Tuesday, April 12, 2005

Outside the Trains Don't Run On Time 

New York magazine, "Don't Hate Them Because They're Rich," April 18, 2005:
Let’s say that the number of New Yorkers with more than $500,000 in adjusted gross income has risen to about 30,000, which is surely conservative. If, on average, each of these folks spends $200,000 a year on services locally (remember, the $500,000 is a floor, not an average), then the top 1 percent of earners supports about 153,000 service jobs. One hedge-fund manager who spends $1 million annually on services—a driver and house staff, investment management and real-estate brokers, restaurants and psychotherapists—probably sustains 25 livelihoods.
More conventional service professions are prospering, too.

The New York Times, "Falling Fortunes of the Wage Earner," April 12, 2005:
Since 2001, when the recovery began, productivity growth has averaged 4.1 percent a year; overall compensation - wages and benefits - has risen about one-third as fast, by 1.5 percent a year on average. By contrast, over the previous seven business cycles, productivity rose by 2.5 percent a year on average while compensation rose roughly three-fourths as fast, by 1.8 percent a year.

"The question is not whether corporations are seeking higher profits; the question is how come they're getting them to such a degree at the expense of compensation," said Jared Bernstein, an economist with the Economic Policy Institute. "I'm struck at how successful they've been at restraining labor costs."

New York magazine:
The rich subsidize our public services, too—and graciously don’t use them much. Mayor Bloomberg may pride himself on riding the subway, but your average hedge-fund managing director is not a connoisseur of mass transit.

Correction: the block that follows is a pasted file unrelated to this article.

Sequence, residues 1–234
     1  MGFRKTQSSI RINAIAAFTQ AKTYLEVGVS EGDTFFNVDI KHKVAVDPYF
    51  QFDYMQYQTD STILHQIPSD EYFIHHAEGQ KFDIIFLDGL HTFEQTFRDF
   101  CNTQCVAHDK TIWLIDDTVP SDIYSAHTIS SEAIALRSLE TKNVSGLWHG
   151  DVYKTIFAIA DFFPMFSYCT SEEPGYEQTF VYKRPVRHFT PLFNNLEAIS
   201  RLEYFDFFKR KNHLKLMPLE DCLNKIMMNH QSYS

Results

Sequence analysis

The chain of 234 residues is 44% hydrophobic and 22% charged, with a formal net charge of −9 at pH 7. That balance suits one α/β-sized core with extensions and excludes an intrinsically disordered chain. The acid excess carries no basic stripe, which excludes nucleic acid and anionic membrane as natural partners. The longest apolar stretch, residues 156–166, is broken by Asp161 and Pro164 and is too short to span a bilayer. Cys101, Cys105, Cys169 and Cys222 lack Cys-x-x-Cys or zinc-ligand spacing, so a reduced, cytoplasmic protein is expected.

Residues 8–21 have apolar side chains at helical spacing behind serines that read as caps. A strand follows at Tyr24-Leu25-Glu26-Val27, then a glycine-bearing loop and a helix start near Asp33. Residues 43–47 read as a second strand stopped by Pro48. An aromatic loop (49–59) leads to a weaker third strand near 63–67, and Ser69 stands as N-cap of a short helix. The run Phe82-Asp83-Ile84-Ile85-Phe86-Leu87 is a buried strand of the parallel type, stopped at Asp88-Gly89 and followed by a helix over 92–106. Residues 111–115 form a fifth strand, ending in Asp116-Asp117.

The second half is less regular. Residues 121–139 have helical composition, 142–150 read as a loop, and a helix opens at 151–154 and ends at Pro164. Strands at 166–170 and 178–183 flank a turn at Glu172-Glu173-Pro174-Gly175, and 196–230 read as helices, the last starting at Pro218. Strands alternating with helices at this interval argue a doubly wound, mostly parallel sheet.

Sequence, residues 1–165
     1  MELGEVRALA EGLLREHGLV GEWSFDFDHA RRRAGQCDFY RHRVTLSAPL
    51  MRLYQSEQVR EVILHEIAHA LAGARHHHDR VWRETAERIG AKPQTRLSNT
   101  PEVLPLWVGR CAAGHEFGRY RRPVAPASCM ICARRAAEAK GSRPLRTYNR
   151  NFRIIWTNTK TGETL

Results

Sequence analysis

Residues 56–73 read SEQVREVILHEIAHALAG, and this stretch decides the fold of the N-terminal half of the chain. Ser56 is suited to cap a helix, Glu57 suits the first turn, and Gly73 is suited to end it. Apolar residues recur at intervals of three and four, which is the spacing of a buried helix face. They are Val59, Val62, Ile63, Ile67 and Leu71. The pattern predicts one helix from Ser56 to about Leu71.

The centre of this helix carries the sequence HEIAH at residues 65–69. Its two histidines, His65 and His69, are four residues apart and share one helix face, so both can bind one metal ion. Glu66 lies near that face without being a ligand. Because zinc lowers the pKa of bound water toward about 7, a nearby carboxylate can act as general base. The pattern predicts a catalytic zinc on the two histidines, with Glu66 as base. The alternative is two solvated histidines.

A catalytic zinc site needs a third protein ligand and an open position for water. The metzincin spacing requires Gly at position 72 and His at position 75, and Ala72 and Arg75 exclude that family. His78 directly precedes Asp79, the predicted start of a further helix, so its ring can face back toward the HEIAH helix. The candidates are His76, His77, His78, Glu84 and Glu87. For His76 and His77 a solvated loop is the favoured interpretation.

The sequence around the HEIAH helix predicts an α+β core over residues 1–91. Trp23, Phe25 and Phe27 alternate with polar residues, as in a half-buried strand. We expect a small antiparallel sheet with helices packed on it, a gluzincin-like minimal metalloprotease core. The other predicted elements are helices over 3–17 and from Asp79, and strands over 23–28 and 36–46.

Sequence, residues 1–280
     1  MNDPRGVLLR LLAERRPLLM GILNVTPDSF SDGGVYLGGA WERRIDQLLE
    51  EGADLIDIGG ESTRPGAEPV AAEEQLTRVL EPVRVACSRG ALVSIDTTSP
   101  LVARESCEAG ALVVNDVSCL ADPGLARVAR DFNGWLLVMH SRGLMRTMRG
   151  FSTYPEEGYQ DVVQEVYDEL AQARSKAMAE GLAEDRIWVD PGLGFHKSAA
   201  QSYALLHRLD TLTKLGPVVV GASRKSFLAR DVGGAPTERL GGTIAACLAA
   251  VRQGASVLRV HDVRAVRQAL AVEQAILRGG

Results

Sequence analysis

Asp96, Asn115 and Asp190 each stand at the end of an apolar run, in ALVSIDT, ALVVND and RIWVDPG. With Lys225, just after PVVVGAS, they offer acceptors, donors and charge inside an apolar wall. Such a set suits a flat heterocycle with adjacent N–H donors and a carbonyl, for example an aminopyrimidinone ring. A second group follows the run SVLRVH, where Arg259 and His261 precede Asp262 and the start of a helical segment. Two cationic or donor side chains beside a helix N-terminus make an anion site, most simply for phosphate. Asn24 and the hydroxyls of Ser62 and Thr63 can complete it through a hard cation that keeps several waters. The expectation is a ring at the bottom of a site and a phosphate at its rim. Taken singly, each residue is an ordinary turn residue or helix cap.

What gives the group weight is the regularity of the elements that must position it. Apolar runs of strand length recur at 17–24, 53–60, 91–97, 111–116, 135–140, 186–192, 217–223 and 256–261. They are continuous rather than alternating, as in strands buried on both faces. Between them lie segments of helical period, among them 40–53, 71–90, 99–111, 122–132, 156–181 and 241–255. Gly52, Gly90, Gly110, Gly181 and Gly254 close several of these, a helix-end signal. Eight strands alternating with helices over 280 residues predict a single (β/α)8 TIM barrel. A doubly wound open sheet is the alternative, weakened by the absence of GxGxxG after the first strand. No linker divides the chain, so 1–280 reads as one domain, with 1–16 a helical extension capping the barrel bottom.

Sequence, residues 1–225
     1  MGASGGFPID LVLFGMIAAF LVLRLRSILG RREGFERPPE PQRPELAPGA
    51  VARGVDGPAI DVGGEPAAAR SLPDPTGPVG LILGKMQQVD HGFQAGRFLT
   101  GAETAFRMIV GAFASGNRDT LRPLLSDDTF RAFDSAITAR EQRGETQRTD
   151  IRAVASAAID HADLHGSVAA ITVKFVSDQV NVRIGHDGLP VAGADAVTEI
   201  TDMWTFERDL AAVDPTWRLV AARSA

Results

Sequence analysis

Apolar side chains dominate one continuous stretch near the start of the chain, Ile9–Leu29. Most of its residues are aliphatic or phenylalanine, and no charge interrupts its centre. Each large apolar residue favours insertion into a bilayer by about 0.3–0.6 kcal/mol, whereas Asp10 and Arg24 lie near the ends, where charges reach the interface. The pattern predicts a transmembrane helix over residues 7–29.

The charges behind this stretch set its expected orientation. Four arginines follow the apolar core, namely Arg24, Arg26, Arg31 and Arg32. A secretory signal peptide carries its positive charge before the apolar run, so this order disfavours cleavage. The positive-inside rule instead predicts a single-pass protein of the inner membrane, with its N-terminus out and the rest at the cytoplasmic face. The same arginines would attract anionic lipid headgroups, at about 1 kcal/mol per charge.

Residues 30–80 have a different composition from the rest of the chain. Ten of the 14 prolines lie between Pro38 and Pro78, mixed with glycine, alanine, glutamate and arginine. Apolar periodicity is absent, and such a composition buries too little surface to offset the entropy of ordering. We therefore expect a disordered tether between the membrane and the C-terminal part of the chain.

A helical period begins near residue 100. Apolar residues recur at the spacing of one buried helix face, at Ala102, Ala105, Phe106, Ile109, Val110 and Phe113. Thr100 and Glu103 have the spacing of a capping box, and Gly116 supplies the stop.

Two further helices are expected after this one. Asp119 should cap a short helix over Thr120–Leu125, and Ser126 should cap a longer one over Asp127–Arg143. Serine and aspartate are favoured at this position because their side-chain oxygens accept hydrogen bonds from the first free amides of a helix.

Gothamist, "MTA Fare Increases In 2006 AND 2007," October 19, 2004:
The MTA not only mentioned the fare hike for 2006 but also warned about another fare hike in 2007, due to the budget deficit that will just keeping ballooning. Why is there a crazy deficit ($400 million more expected for next year, on top of the the current $700 million gap)? The lack of city and state aid in recent years.

New York magazine:
The nonprofit world has become a big business in its own right. The Museum of Modern Art raised $858 million—in the teeth of a recession—for its new building. The New York Times reported that 50 trustees—whose members include David Rockefeller, Ronald Lauder, and out-of-towners Thomas H. Lee and Los Angeles developer Eli Broad—kicked in more than $5 million each.

After its celebrated reopening on November 20th, 2004, following a renovation project that cost $858 million, the Museum of Modern Art will begin charging visitors $20 for admission. The cost represents a 60% increase from the previous fee of $12 and makes MoMA one of the most expensive urban museums in the world.
The $858 million dollars that MoMA has spent in its renovation serves only its own vainglory. That sum could have provided the old MoMA’s 1.8 million annual visitors with free admission for forty years.

New York magazine:
The very rich may be carving out more space for themselves. But in this highly uncertain economy, that’s something of a blessing, not an unmitigated curse. The ultimate definition of a city’s health is the ability to attract people, companies, and industries that can choose to be anywhere in the world.

Made it, Ma -- top of the world!

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